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Author Topic: Strategies for avoiding tedious repetition of the same words - II  (Read 52 times)
Joe Carillo
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« on: February 14, 2018, 07:03:42 AM »

Strategies for avoiding tedious repetition of the same words
(Second of a 3-part series)

This is the second of a three-part series on how to get rid of the repetitive and abstruse stock phrases that seep into our own English after repeated exposure to bureaucratese, legalese, and academese—phrases that soon make us sound like petty bureaucrats, lawyers, and academicians ourselves. The third and concluding part will come out on February 16.


WHICH WORD TO USE AND IS IT DESIRABLE TO USE IT AGAIN?


Let me pick up where I left off last time. I was saying that among the content words, nouns are the most amenable to substitution with other words as a strategy for avoiding tedious repetition. For that purpose, of course, we routinely use pronouns for subsequent mentions of subjects identified by name—“he” or “she” for singular proper names and “they” for one or more of them, and “it” for singular things and concepts and also “they” for one or more of them.

In feature writing and in the more creative forms of expression, however, we can be more liberal by using synonyms or similar words for subsequent mentions of particular nouns. Those synonyms can focus on particular or specific attributes of the subject or key word, thus giving the reader or listener more information about them. We can do this without going into digressions that might just unnecessarily impede the flow of the exposition.

For example, the subject or key word “John Updike” might be later referred to in an exposition generically as “the writer” or more specifically as “a writer of sex-suffused fiction,” “a notable literary realist,” “the prolific American novelist and short-story writer,” “the two-time Pulitzer Prize-winning novelist,” and “America’s last true man of letters.” Indeed, by using a synonym or some brief descriptive detail, each subsequent mention of the subject becomes an opportunity for throwing new light on it for the reader’s or listener’s benefit.

As parts of speech in English, verbs, adjectives, and adverbs each have a unique and distinctive meaning or sense. In the case of verbs, there’s a specific verb for every kind of action; for instance, while there are close similarities between “walk,” “stroll,” “saunter,” “amble,” and “jog,” they are by no means perfectly synonymous. Thus, once you have used the verb “walk” the first time around for the action you are describing, it won’t be appropriate or advisable—just for the sake of avoiding repetition—to refer to that action as “stroll” the second time around, “saunter” the third time, “amble” the fourth time, “jog” the fifth time, and so on and so forth. For accuracy and authenticity’s sake, you’ve got to stick to “walk” in all subsequent mentions of that action you described as “walk” at the start.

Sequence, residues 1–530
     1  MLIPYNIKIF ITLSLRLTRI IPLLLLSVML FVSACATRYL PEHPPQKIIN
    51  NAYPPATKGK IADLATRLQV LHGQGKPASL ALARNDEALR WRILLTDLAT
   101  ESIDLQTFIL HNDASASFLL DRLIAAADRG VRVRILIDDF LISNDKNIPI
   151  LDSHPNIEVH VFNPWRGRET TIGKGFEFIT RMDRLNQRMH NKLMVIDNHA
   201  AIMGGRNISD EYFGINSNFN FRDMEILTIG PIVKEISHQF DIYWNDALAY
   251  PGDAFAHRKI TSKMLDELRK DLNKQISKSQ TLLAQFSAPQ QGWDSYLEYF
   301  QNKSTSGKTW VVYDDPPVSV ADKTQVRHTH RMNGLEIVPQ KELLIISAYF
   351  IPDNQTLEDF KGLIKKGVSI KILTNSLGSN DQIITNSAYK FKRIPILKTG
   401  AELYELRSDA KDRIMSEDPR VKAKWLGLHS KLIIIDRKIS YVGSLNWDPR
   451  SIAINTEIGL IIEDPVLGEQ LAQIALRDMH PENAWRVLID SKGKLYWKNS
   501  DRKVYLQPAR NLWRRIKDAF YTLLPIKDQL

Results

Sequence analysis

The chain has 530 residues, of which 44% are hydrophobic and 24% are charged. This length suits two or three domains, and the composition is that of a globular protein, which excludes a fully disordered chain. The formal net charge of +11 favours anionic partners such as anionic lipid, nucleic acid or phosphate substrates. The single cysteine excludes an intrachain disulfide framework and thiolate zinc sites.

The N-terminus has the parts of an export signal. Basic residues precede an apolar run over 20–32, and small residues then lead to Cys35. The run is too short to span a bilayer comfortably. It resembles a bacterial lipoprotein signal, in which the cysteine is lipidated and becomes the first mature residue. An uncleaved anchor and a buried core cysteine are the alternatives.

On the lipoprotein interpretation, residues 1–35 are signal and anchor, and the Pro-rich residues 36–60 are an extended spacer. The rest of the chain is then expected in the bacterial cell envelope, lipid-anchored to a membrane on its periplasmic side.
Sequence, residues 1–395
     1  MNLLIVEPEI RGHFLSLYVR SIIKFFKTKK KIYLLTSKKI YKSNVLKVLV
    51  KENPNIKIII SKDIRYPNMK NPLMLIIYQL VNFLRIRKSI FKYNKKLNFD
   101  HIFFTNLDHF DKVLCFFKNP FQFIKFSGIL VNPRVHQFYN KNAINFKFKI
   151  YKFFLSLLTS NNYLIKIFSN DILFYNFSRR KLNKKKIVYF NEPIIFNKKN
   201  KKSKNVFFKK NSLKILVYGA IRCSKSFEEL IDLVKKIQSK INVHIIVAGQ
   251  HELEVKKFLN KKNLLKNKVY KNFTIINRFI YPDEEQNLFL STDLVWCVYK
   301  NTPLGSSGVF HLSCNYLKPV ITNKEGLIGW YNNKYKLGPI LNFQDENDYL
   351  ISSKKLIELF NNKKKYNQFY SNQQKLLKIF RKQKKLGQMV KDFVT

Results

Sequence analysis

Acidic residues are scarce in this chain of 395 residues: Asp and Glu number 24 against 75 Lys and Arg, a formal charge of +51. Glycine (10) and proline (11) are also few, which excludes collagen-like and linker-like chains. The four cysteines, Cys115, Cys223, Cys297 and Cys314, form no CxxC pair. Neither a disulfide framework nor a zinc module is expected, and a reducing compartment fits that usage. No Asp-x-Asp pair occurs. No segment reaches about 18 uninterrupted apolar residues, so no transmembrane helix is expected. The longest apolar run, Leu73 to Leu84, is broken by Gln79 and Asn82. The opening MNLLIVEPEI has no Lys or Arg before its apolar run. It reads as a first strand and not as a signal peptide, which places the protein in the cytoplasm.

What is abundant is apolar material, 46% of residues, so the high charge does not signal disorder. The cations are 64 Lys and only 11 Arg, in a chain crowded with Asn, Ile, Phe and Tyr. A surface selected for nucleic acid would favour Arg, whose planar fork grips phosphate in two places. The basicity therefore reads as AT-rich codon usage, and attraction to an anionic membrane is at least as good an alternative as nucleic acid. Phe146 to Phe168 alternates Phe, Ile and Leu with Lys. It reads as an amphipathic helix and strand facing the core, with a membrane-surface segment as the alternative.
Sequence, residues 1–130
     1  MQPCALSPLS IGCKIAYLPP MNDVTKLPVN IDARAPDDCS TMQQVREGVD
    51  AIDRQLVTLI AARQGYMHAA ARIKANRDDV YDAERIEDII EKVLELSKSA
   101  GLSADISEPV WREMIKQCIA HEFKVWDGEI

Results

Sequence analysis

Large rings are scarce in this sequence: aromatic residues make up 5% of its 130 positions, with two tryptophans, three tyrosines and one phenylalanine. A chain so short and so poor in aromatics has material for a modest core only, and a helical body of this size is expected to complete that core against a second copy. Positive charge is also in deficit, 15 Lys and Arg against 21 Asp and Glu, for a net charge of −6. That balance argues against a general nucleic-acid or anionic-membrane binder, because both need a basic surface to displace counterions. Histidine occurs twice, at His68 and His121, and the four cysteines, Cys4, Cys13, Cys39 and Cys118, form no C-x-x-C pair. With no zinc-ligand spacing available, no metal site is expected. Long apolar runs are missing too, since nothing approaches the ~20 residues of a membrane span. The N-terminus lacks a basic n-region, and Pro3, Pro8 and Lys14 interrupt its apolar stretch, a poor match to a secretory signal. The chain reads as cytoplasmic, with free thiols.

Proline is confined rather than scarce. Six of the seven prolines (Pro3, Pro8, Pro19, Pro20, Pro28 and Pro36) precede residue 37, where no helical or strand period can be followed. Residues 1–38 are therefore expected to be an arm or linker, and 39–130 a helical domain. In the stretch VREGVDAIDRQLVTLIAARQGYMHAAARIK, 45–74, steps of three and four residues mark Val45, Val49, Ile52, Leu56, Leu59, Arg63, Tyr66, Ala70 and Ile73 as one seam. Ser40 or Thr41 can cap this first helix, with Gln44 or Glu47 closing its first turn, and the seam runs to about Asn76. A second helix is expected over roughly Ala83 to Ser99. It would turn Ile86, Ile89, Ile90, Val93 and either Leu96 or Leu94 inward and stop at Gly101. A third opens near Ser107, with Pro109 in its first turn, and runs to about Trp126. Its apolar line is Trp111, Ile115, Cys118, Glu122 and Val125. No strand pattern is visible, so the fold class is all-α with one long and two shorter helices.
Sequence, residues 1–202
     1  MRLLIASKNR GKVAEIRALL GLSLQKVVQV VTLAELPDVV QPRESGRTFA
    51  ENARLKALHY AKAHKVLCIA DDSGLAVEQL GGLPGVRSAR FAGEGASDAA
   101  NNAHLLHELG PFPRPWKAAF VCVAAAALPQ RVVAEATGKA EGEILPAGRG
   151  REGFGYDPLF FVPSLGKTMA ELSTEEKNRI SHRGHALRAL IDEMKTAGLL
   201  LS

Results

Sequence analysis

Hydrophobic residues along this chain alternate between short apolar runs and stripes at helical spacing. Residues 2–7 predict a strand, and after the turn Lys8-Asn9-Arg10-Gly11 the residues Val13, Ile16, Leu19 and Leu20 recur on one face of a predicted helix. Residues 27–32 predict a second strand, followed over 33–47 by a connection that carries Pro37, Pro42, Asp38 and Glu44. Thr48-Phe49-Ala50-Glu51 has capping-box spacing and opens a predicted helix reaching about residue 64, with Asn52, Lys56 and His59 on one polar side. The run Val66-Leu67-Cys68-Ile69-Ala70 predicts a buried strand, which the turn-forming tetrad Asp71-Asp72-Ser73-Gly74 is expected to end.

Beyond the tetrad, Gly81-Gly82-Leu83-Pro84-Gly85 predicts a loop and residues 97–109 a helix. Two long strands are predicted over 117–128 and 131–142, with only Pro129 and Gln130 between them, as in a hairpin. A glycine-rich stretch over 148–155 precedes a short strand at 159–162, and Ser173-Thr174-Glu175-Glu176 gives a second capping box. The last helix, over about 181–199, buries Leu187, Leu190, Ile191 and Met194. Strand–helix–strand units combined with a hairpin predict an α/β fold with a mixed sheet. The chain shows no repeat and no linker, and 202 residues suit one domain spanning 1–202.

This strategy should also be applicable to adjectives and adverbs. For instance, you’d be out of line describing a woman as “beautiful” the first time around, then describing her as “pretty,” “comely,” and “fair” in subsequent mentions; you’ve got to stick to “beautiful” or else not use that adjective again in the exposition. The same strategy would also apply to adverbs; once you have described the manner an action is done as “cruelly,” you can’t refer to that same manner as “fiercely” in a subsequent mention. In fact, it is good language policy to avoid repeat usage of adverbs (particularly those than end in “-ly”) or use their synonyms later in an exposition.

Now let’s take up what you describe as your reluctance to use one word more than two times in the same writing and, in particular, your being tempted to sometimes alternate the preposition “about” with such unpleasant bureaucratic phrases as “with regard to,” “with reference to,” “as regards.” Of course it’s a good general approach to avoid using the same word or phrase more than two times in the same exposition, but strategically, I think it’s not advisable at all to alternate “about” with such phrases as “with regard to,” “with reference to,” “as regards” in subsequent parts of the same exposition.

As you yourself have pointed out, these phrases indeed can eliminate repetition in your prose, but they will definitely make your prose sound standoffish. They will thus just get in the way of clear communication, so it will be like jumping from the frying pan to the fire, so to speak.

(Next: Strategies for avoiding tedious repetition - III)   February 16, 2018     

This essay, 848th in the series, first appeared in Jose A. Carillo’s weekly “English Plain and Simple” column in the July 6, 2013 issue of The Manila Times, © 2013 by the Manila Times Publishing Corp. All rights reserved.
« Last Edit: February 14, 2018, 07:21:32 AM by Joe Carillo » Logged

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